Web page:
During the early 1980s, physicist David Bohm developed his theory of the implicate order to explain the bizarre behavior of subatomic particles: Two such particles that once interacted can instantaneously “respond to each other’s motions thousands of years later when they are light-years apart.” The implicate order theory proposes a cosmic view that connects everything with everything else. Its central theme, Bohm stated, is the “unbroken wholeness of the totality of existence as an undivided flowing movement without borders.” In other words, we are one.
In 1982, a remarkable event took place. A research team at the University of Paris led by physicist Alain Aspect performed what may turn out to be one of the most important experiments of the 20th century. You didn’t hear about it on the evening news. In fact, unless you’re in the habit of reading scientific journals, you’ve probably never heard of Aspect, although some people believe his confirmation of Bohm’s implicate order theory may change the face of science. Aspect and his team discovered that under certain circumstances, subatomic particles (such as electrons) can communicate with each other instantaneously, regardless of the distance separating them. It doesn’t matter if they’re 10′ or 10 billion miles apart. Distance has no effect on this connection.
In 1997, a Geneva experiment demonstrated that once a particle of energy is connected, even if it becomes physically separated, it’s still connected by energy. Scientists separated a single particle by 7 miles in each direction—a total of 14 miles—and when half of the particle was disturbed, the other half reacted. Even when broken, the connection held.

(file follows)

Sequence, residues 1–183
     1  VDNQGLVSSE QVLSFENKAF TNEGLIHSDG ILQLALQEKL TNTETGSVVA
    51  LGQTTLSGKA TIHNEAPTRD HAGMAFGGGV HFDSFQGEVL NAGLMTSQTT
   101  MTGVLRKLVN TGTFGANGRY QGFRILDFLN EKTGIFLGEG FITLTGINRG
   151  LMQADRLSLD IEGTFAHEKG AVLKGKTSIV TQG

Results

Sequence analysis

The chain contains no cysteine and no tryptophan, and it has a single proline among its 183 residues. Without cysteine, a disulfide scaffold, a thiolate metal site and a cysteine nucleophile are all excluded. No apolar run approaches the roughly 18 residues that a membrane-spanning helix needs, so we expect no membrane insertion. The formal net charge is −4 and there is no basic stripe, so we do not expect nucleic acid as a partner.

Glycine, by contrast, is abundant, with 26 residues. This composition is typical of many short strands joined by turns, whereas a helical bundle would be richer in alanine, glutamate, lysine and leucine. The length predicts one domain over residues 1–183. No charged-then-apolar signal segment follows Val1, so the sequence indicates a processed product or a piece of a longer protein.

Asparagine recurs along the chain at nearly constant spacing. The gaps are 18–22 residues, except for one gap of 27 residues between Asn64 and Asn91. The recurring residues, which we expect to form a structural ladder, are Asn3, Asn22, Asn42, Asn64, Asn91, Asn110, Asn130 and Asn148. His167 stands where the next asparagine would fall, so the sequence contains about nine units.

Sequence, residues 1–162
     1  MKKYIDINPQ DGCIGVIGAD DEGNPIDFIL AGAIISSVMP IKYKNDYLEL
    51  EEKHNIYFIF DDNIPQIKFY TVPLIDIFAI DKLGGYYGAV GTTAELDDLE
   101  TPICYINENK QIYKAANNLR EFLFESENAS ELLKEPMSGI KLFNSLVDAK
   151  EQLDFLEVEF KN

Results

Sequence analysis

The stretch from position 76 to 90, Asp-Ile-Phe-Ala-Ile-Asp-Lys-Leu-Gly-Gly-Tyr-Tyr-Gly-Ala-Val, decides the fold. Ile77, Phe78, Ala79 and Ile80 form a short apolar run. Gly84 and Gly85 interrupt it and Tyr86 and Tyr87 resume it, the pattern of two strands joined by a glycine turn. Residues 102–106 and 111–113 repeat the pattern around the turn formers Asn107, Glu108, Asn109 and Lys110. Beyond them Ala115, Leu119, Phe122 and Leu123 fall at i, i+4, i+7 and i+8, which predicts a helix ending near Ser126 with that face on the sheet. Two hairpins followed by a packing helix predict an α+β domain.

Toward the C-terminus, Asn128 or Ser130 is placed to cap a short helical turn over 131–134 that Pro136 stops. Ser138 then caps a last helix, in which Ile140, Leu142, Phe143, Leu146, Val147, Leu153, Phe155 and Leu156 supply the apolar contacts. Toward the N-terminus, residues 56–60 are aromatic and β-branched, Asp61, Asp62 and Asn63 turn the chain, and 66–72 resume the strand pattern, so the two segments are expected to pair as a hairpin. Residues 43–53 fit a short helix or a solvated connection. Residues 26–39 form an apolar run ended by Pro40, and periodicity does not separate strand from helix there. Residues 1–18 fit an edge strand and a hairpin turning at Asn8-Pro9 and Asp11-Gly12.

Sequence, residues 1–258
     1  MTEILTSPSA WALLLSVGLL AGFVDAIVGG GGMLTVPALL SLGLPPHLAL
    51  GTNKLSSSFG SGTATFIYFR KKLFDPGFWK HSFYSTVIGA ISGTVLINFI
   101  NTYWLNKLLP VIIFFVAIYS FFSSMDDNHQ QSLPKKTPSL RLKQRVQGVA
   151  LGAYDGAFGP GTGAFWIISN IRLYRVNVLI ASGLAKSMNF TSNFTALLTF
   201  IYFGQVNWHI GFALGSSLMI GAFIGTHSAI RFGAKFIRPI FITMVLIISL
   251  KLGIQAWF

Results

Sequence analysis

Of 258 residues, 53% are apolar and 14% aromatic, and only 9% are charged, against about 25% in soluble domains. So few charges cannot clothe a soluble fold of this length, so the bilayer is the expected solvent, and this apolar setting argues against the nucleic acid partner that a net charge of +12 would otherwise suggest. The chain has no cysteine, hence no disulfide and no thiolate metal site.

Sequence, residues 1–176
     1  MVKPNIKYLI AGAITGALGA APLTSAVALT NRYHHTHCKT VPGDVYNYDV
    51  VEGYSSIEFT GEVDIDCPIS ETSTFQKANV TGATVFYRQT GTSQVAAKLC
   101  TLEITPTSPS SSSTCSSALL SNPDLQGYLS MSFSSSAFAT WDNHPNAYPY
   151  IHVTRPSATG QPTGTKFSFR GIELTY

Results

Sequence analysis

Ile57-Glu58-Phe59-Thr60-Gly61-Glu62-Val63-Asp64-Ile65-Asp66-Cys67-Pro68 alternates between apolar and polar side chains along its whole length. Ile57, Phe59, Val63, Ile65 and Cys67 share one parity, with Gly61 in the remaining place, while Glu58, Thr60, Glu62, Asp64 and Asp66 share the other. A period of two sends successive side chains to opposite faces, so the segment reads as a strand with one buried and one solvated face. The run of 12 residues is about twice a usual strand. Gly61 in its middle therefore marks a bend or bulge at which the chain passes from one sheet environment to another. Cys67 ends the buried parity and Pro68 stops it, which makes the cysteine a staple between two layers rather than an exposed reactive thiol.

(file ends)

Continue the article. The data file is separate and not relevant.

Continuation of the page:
Why is this significant? Once upon a time, 13.7 billion years ago, everything in the universe was joined together physically in a single particle the size of a green pea. We are the dust and gas and energy that collided and exploded when the universe was formed. We are those quantum particles smashed into the mass of you and me—and everyone and everything else. And science now tells us that despite our “separation,” we are still connected to, and react to what happens to, the “other.”
This is the “why” of compassion, the feeling of deep sympathy we have for others. Compassion isn’t only the unifier; it’s the language of the unified field—a language of the force that holds everything together. It’s precisely what Ray Charles and others meant when they sang these words in the song “None of us are free”:
You better listen my brother
’Cause if you do you can hear
There are voices still callin’ from across
And they’re cryin’ across the ocean
And they’re cryin’ across the land
And they will until we all come to
That none of us are free
None of us are free
None of us are free if one of us
None of us are free.
Leah Curtin, RN, ScD(h), FAAN
Executive Editor, Professional Outreach
American Nurse Today
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Braden G. Deep Truth: Igniting the Memory of Our Origin, History, Destiny, and Fate. Hay House; 2011.
Cramer JG. Faster-than-Light Implications of Quantum Entanglement and Nonlocality. In Millis MG, Davis EW. Frontiers of Propulsion Science. American Institute of Aeronautics and Astronautics; 2009.
Mann B, Russell B, Weil C. “None of us are free.” © Rutland Road Music. © MCA O/B/O Geffen Music.